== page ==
|Getting ready for an all-out sprint? A bitter mouth rinse W/ quinine will provide instant power boost of 4% in ‘ur 30s cycle sprint more than a sweet mouth rinse could do .|
Against that background and in view of the similar brain activation patterns scientists have observed in response to bitter and sweet taste perception, it appears only logical for Sharon Gam et al. to speculate in a 2014 paper, which is still worth its own SuppVersity article (!), that rinsing w/ quinine, a distinctly bitter substance, could produce the same or at least similar power increments as sweet substances.Of the latter, previous research has shown that they will elevate both peak power (+22.1 ± 19.5 W; ES, 0.81; p = 0.0667) and mean power (+39.1 ± 26.9 W; ES, 1.08; p = 0.0205 | Beaven, et al. 2013), during all out sprints. The goal of the researchers from the University of Western Australia was thus to elucidate, "whether combining mouth rinsing with the ingestion of a bitter-tasting solution composed of quinine acutely improves mean and peak power during a 30-s maximal cycling sprint effort" (Gam. 2016) would yield similar benefits.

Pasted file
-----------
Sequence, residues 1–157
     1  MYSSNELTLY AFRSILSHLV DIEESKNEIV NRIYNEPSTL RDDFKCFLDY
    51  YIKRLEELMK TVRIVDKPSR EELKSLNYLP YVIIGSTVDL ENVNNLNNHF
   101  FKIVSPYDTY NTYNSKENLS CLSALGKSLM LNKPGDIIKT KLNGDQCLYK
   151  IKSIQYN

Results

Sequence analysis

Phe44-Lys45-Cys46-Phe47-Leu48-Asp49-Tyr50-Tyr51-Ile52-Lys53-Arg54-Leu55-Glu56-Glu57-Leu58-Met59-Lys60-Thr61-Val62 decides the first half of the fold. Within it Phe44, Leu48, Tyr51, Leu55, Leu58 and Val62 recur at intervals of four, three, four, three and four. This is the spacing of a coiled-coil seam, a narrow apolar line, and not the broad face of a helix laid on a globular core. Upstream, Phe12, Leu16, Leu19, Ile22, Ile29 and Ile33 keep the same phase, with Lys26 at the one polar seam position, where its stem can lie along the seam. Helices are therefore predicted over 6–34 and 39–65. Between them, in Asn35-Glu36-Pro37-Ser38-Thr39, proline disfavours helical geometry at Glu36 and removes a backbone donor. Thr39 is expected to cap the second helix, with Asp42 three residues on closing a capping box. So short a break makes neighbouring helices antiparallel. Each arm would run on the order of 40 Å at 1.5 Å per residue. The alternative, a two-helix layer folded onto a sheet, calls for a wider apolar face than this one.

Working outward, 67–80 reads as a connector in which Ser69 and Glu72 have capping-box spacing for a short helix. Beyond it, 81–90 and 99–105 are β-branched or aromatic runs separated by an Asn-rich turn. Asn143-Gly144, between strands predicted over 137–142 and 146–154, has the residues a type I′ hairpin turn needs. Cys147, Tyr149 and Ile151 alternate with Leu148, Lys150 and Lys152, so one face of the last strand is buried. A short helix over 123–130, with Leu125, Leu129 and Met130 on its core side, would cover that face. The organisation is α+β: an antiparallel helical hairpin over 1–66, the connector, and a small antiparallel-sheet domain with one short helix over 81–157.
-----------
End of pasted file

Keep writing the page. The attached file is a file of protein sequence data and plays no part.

To be able to tell how similar sweet and bitter taste effects on sprinting performance actually are, they scientists compared the effects of 0.36 mL/kg body mass of a 2-mM quinine HCl solution (QUI; Sigma-Aldrich), not just to plain water and a no rinse control (CON), but also to a 0.05% w/v aspartame solution (ASP; Sigma-Aldrich), all of which were used immediately before the 30s all-out sprint on an Exertech EX-10 front access cycle ergometer.
|Figure 1: My graphical "illustration" of the study design (based on facts from Gam. 2014).|
|Bitter perception (Mennella. 2013).|
|Figure 2: Relative changes in mean & peak power (%) + effects sizes for quinine vs. CON, WAT or ASP (Gam. 2014).|
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